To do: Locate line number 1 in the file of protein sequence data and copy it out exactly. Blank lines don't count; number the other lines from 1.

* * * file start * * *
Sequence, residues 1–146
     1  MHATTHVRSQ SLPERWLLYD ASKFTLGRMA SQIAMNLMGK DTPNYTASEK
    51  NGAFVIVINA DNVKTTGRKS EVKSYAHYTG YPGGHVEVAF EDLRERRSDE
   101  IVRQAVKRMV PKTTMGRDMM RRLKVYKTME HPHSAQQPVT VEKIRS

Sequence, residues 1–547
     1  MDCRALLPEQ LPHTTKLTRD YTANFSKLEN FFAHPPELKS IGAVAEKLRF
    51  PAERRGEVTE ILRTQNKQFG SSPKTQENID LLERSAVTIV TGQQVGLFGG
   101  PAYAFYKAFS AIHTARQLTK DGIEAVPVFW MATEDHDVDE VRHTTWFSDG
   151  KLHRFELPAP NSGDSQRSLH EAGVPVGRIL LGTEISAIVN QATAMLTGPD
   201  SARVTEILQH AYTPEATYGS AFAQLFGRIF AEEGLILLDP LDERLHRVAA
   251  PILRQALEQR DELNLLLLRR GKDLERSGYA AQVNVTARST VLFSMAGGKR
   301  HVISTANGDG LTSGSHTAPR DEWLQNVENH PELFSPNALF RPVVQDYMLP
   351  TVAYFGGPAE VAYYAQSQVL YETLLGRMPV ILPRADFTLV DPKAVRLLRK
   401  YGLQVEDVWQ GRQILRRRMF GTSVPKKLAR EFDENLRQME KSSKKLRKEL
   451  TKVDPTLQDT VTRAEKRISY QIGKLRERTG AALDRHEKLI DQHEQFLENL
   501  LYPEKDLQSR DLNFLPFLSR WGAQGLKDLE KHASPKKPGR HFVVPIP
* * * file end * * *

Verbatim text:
Sequence, residues 1–146